From Good to Bueno
Read Time: 5.5 minutes
Award-winning teacher Lily Bueno is elevating Portuguese immersion in Utah and across the country.
Lily Bueno's Portuguese classroom at Lakeview Elementary is an English-free zone. “My classroom is a little piece of Brazil,” said Bueno, who is native to São Paulo. “I don’t ever, ever, ever speak in English, and my kids are not allowed to speak English.” Even when parents visit her classroom during an open house, Bueno speaks in Portuguese and her students—as young as first grade—translate for them.
For Bueno, teaching never felt like a choice—it was something she had to do. And she was destined to teach Portuguese immersion, as her contributions to immersion education have been felt both in her classroom and in classrooms across the country.
Bueno knew teaching was her calling the first time she stepped into an American classroom. “I cannot even tell you what I felt that day. It was like [the class] got every single fiber of my soul and my body,” said Bueno. “I almost cried. I was like, ‘I need to be a part of this.’”
Because of that experience, studying elementary education at BYU was an obvious choice. Studying Portuguese teaching, however, wasn’t part of the plan until her practicum professor encouraged her to pursue a Portuguese teaching minor. Bueno then added two more minors (TESOL K–12 and dual-language immersion K–12 teaching), even though doing so delayed her graduation date. “I remember seeing all of my cohorts graduating, but something in my heart said you have to do it. You have to do Portuguese and immersion. You just have to.”
The timing was perfect. When Bueno graduated with her bachelor’s degree in 2012, a Portuguese immersion teacher position opened up in the Provo City School District.
FLYING WITH NO WINDOWS
Bueno soon became an asset to the Utah dual-language immersion program, not just as a native Portuguese speaker but also for her knowledge of linguistics. She began working closely with the Portuguese director Jamie Leite to improve the state’s curriculum. According to Bueno, Utah had become the reference point for dual-language immersion programs throughout the U.S. She and Leite were pioneering Portuguese immersion—or, as Leite described it, flying a plane while still installing the windows.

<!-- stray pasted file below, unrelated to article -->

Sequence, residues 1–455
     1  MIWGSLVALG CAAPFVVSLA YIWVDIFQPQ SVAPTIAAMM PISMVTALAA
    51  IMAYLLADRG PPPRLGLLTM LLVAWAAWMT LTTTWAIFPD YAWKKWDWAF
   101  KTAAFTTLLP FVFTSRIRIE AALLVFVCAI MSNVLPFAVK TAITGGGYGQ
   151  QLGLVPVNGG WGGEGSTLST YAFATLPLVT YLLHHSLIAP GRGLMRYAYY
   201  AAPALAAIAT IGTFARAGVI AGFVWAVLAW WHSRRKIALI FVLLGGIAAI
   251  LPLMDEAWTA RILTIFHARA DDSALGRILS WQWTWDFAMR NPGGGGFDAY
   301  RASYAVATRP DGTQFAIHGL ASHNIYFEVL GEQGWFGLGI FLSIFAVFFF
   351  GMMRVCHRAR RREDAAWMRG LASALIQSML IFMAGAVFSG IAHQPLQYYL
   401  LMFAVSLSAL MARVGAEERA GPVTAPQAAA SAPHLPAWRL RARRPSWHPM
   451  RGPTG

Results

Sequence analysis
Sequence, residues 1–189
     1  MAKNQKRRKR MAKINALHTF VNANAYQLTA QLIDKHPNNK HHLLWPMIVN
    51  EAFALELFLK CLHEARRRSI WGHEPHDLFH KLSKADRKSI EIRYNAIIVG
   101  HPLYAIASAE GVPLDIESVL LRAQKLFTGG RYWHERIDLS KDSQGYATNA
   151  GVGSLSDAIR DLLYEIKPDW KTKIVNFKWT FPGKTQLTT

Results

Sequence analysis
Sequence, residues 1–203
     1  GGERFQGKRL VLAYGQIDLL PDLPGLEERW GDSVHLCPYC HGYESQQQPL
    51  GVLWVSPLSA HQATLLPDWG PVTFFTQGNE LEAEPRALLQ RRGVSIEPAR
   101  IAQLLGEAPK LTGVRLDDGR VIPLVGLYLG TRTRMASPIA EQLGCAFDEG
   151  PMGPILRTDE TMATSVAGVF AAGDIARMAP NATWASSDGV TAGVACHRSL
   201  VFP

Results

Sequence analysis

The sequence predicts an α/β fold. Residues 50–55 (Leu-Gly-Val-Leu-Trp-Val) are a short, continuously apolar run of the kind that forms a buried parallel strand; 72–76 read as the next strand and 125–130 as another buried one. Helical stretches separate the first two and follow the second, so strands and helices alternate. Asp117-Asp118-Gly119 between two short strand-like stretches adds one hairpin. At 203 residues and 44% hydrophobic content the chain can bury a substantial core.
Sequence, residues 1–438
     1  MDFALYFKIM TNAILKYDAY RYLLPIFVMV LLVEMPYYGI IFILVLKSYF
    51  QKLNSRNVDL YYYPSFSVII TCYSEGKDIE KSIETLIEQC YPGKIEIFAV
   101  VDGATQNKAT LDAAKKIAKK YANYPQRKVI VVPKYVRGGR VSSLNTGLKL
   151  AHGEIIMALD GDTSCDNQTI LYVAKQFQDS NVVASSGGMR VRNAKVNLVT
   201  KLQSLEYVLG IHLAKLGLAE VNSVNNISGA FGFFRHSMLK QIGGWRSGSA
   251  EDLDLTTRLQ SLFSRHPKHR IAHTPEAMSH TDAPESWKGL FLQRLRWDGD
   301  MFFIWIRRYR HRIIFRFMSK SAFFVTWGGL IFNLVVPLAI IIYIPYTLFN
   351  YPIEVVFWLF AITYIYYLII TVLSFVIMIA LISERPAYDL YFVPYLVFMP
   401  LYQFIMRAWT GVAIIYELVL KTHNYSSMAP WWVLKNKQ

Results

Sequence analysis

In 2014, Bueno returned to BYU, pursuing a master’s degree in Portuguese pedagogy. During that time she collaborated with Silvia Juhas to update Utah’s Brazilian literacy program, Linguagens, incorporating the best theories in language acquisition. With her sister-in-law, Bueno also wrote Português de A a Z, a phonics program now used in Utah, California, Massachusetts, and Rhode Island.
In addition to writing curriculum, Bueno has personally mentored almost every Portuguese immersion teacher in the state of Utah. When Utah began its Portuguese immersion program in 2012, it had only two classes and 100 students. As of 2018, the program had grown to include 13 schools, 44 teachers, and more than 2,000 students. Bueno’s curriculum development and leadership played a significant role in that.
BILINGUAL, BILITERATE, BICULTURAL
Bueno’s goal isn’t just for her students to know Portuguese; she wants them to know the culture that surrounds the language, a framework she learned from her mentor, Blair Bateman. She finds ways to weave remnants of her native country into every lesson. When they talk about rocks and minerals in her science class, for example, Bueno teaches about the mountain Pão de Açucar in Rio de Janeiro or shows her students a song about a famous sidewalk in Brazil made of limestone and basalt.
“Teaching my culture gives me an opportunity to live my childhood all over again,” said Bueno. She also said that introducing children to other cultures is preparing them to become citizens of the world. Bueno’s commitment to teaching culture led her to win the 2018 Consortium of Latin American Studies Programs (CLASP) K–12 Teaching Award, a national award that recognizes exceptional teaching of Latin American and Caribbean culture.
Bueno’s strength is not that she is different. It is that she is the same as her students, navigating a foreign place with a foreign language and culture. “If I was a regular teacher, I would be one of the struggling ones with my English,” said Bueno. “As an immersion teacher, as a Portuguese teacher, . . . my weakness became my strength.”
Written by Anessa Pennington
Photography by Bradley Slade